Thursday, January 5, 2017
When I am the stereotype and he is not
Dave woke me up the other morning with this announcement:
"iPhones are durable, but it's not a good idea to leave them out in the rain."
Groggily, I asked what the heck he was talking about.
He held up my phone, its case slick from water. He explained that Max had been looking outside our deck door and started gesturing at something.
"Yes, it's raining!" Dave had said.
"No!" said Max. "Mommy's phone!"
And sure enough, there was my iPhone lying in a puddle. I'd been out on the deck the night before, sweeping away poop specks from two sparrows who are spending their winter break nestled in our awning. I recall placing the phone on the tip of our outdoor table, then moving the table so I could sweep. After that, I have no memory whatsoever of my iPhone. Thankfully, the case protected it.
I lose my iPhone approximately eleventy billion times on any given day, which makes me the stereotype of the hot mess mom. My best phone finder: eagle-eyed Max, who has an uncanny ability for knowing exactly where I left it. This mental acuity makes him not the stereotype of someone with intellectual disability.
Among the many things Max has taught me is that children with intellectual disability are not just categorically children with intellectual disability. Every one of them has unique strengths, smarts, abilities, senses of humor, likes, dislikes, wiliness and the gamut of traits that is humanity. One of Max's special powers: an incredible visual memory.
Max often helps Dave and me navigate shortcuts in our area. If I wear a shirt twice in one week, he will note, "Same clothes!" (How many 14-year-old boys have any clue what their mothers wear?!) He has learned to read not just by figuring out how to string together letters to form words but because he visually memorizes words wholesale. And when I once again misplace my phone, it's Max to the rescue.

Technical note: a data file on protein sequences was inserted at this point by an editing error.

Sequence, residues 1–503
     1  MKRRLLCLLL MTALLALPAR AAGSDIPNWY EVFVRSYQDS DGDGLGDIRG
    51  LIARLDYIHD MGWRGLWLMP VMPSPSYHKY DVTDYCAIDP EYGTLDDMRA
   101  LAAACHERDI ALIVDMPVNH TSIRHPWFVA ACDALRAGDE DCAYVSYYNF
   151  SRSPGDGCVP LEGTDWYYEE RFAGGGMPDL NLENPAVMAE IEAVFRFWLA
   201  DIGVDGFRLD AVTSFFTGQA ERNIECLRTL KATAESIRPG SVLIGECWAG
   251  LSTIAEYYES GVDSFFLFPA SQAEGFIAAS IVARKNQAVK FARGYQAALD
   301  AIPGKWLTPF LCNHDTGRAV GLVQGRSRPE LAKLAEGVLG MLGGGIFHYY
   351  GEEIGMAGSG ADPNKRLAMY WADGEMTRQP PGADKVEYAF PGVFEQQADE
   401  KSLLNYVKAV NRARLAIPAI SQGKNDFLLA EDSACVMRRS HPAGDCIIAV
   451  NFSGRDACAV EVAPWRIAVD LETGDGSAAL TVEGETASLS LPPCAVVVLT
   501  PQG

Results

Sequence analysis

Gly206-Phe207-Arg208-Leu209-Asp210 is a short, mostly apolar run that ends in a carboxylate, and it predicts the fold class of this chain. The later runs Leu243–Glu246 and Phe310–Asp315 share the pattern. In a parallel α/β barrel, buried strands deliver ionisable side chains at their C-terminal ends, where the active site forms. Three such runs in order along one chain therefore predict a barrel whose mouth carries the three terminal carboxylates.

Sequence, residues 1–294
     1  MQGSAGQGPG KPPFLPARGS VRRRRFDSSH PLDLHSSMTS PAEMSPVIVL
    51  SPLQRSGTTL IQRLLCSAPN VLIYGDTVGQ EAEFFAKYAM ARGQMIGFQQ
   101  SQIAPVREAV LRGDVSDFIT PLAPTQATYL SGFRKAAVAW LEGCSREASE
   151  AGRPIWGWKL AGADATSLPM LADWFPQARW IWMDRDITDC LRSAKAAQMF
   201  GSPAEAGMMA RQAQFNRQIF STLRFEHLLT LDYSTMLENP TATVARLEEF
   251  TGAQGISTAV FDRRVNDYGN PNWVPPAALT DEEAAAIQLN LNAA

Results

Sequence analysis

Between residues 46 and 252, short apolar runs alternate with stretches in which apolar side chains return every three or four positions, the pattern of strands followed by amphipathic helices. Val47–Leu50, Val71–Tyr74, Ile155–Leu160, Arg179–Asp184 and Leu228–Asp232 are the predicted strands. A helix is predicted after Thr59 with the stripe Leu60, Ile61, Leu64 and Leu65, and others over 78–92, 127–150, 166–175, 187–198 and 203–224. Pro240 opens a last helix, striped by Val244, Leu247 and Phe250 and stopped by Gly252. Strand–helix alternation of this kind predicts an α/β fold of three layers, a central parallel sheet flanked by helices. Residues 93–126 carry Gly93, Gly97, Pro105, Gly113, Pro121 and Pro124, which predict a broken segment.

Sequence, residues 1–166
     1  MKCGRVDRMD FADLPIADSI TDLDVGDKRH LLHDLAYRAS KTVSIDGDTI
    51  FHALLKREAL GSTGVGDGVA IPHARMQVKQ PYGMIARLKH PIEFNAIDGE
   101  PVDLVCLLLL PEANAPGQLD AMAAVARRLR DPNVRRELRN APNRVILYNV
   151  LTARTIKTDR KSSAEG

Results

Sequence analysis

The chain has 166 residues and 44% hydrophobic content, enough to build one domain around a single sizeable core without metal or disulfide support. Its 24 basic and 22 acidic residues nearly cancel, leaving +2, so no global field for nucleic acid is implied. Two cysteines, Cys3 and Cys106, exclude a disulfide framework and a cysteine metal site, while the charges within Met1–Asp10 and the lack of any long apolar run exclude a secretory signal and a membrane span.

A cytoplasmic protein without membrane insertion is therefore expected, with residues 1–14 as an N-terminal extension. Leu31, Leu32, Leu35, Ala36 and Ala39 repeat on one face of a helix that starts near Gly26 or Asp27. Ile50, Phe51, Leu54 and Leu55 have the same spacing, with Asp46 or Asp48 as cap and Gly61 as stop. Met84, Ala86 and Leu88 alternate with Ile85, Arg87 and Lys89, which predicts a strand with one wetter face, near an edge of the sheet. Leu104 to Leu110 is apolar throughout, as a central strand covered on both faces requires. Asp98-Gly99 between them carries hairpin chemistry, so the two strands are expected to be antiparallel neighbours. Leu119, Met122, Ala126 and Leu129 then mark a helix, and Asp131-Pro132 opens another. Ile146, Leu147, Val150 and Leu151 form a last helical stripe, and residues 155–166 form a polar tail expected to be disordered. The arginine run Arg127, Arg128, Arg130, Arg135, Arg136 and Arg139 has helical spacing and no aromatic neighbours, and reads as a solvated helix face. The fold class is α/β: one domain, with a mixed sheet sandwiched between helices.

"Max," I'll ask, "do you know where my phone is?"
And he'll trot off to the living room to retrieve it or gesture upstairs and sure enough, I'll find it in the bathroom, on a closet shelf or, once, in the hamper.
My iForget problem reached new depths during last week's cruise to the Caribbean. Over breakfast, I realized I left the phone in our cabin and ran to get it. Within a few minutes of settling back down at the table, I realized the phone was gone. For once, Max's radar didn't help. When I turned on Find My Phone from Sabrina's phone, I could see that my phone was situated in one spot, but the app couldn't direct me to exactly where it was. It was maddening. When I went back to the dining room, the director of restaurant operations reminded me to activate a sound from Find My Phone. I did. Nothing. But as I was about to leave, Pedro said "What's that sound?" And then he found my phone beneath someone else's table. How it got there, I'll never know.
Meanwhile, at our house, I'm lucky to have the human version of Find My Phone. He is equally sharp and far more cheerful, not to mention, cute.